Film with a view: Droxford farm shows ways farmers are tackling Brexit

Film fans will be able to enjoy movies in a spectacular setting
Film fans will be able to enjoy movies in a spectacular setting
Jacob Kennard, Gavin Moon, Ian Doyle and Sarah Talboys-Smith with Shanon Rees and Rodney Watson at the front
 at  The Southsea Village holding a ping-pongathon to get people in the fundraising spirit fo Children in Need. Picture : Habibur Rahman

Schools and business across Portsmouth show support for Pudsey

  • Droxford farm is bringing a pioneering approach to tackling the problem of Brexit
  • Subsidy cuts are set to leave their mark on farmers across the country
  • Film on a Farm is now spanning across the country
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For so long, they have remained unexplored by the public’s eye but now, through the medium of film, farms might just be the place to be.

Their rural beauty and majestic panoramas are set to be ours to behold – all because of Brexit.

Film on a Farm 

Picture: Julia Conway Photography

Film on a Farm Picture: Julia Conway Photography

Continuing fears that EU subsidies to UK farms will be cut as the result of Brexit negotiations are leaving farmers with food for thought.

Diversification is the only way forward and one ingenious idea from the mind of a farmer while out in the fields on a morning in Droxford is presenting a possible solution.

Frustrated by the lack of opportunities in the area for independent film showings, Chris Horn decided to use Manor Farm – which is just outside the village – as a place to put a giant inflatable screen and show films to the public through an initiative called Film on a Farm.

It was first tried out in 2015, with hundreds turning out for the two showings over the course of two nights. This was expanded to eight screenings last year and, following its success, Film on a Farm is now spreading out across the country this year, with 10 locations set to showcase 10 different films over the course of this summer.

Chris told The News: ‘Farms have to be able to diversify in this day and age in order to keep everything ticking.

‘The idea of Film on a Farm stemmed from an idea to utitlise the under-used parts of the farm and to showcase the incredible views that we have here over the Meon Valley and South Downs National Park.

‘I’m a huge lover of film and thought that it would be the way to bring film-lovers to a rural setting where they can get a truly different experience from the multiplexes.

‘I just got fed up of having to go to London to do something alternative and we have seen from the last two years that people have really loved it. This land isn’t open to the public, so when the cars start pulling into the fields and they get a glance of the views, you see the cars stop and get the cameras out. It really seems to provide a sense of wonder.

‘We are really proud of what we’ve achieved here and the fact that so many different farms got in touch with us about holding films on their farms, it showed just how much a success it was.’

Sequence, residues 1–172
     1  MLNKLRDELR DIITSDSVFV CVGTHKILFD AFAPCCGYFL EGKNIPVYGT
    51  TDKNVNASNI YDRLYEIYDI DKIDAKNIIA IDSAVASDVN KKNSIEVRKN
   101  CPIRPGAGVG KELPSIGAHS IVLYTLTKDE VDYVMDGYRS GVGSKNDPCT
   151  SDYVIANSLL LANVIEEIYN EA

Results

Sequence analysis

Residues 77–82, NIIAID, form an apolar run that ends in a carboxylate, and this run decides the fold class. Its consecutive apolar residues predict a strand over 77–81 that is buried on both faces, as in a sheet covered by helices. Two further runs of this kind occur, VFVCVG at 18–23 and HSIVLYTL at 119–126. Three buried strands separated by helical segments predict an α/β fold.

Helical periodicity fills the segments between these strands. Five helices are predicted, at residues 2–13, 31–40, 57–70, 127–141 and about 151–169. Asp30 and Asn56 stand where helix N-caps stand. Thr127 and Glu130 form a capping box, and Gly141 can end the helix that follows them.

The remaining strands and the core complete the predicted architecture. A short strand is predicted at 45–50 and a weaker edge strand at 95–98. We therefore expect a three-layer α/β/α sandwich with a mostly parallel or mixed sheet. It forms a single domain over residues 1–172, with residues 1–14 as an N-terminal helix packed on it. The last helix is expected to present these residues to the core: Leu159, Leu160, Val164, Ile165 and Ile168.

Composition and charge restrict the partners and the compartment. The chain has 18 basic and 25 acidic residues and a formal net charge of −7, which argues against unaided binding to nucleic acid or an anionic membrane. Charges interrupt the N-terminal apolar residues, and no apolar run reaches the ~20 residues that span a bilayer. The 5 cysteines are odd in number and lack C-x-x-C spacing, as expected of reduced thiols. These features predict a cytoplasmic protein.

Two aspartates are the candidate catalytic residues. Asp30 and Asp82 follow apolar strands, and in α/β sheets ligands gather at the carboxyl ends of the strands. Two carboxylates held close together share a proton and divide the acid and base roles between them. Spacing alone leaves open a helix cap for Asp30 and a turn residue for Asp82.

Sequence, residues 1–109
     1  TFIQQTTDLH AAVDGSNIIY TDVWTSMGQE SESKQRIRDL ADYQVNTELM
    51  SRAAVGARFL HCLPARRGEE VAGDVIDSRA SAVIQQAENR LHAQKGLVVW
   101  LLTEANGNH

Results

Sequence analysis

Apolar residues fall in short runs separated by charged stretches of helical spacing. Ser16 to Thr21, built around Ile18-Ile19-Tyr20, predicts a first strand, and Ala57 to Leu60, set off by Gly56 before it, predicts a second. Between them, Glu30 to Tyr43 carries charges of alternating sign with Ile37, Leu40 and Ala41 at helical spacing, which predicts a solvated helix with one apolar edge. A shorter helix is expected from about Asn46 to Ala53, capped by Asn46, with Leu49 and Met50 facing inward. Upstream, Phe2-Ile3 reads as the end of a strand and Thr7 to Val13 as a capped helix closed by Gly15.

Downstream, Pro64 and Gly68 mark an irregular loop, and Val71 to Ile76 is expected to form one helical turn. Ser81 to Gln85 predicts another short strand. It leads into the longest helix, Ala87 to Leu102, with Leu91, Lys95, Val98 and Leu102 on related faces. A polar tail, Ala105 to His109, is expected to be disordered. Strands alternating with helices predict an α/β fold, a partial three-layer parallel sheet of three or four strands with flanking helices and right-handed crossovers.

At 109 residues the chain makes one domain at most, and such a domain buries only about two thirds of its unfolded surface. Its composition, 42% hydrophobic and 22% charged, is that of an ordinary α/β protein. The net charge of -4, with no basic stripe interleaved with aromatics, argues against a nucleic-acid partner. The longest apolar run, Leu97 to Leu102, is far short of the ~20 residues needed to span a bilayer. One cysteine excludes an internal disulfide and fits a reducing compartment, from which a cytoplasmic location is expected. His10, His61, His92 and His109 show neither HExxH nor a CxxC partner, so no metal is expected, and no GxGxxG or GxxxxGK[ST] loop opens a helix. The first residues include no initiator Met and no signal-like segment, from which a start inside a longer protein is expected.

Chris and colleague Sarah Mulcare toured the country over the last few months to look at farms and see the potential for the locations to host Film on a Farm events.

Not all farms were considered suitable but film fans will be able to munch on their popcorn as they view landscapes from as far as Lincolnshire to East Sussex.

Chris added: ‘We are getting a good buzz from random people who have been talking in the village about how it’s something they are looking forward to.

It is his hope that franchises of the brand will surface over the coming years that will see Film on a Farm become bigger across the country.

He said: ‘I can see it running past the next five years and hope we will be seeing more and more people get involved.’

The need for farms to explore further options for income could be set to increase over the coming years as Britain is expected to radically overhaul agricultural policy following its exit from the EU.

It will see farmers having to fight with other government departments such as health and education for a share of government funds.

Chris said: ‘It is forcing us to review all aspects of our business. The fear of the subsidy cuts is creating big concerns for us in terms of our farms over the coming years. Some farmers will not be able to operate without the subsidies so anything that we can do now to help mitigate that is worth pursuing.’

So what does a farm need to have for it to catch Chris and Sarah’s eye?

Sarah added: ‘Accessibility is a big thing for us. Farms have to be able to get cars on to them and provide a space so we can set up the screens. Of course, they also need to have great views and from what we’ve seen from our tour of the country’s farms, the British countryside is truly spectacular and a perfect backdrop for films.’

The season will start tomorrow with a showing of Raiders of the Lost Ark at Manor Farm. Gates open at 7pm with the film to start at 9pm.

FILM ON A FARM WILL VISIT THE FOLLOWING LOCATIONS;

Burgin Lodge in Stonesby, Leicestershire; Cinder Hill Estate in Horsted Keynes, East Sussex; Culden Faw in Fawley, Henley-on-Thames; Low Farm in St Neots, Cambridgeshire; Manor Farm in Chichester; Manor Farm in Droxford, Hampshire; Manydown Family Fun in Basingtoke; Newhouse Farm in Midhurst, West Sussex; Revesby Estate in Lincolnshire and Stourton Estate in Horncastle, Lincolnshire.

WHAT’S SHOWING AT MANOR FARM IN DROXFORD?

Raiders of the Lost Ark (above) will be shown tomorrow at 9pm. This is followed by a showing of Pretty Woman on Saturday at 9pm.

The farm will close out the season on Saturday, September 9 with a showing of Dirty Dancing at 9pm.

More information is available at filmonafarm.co.uk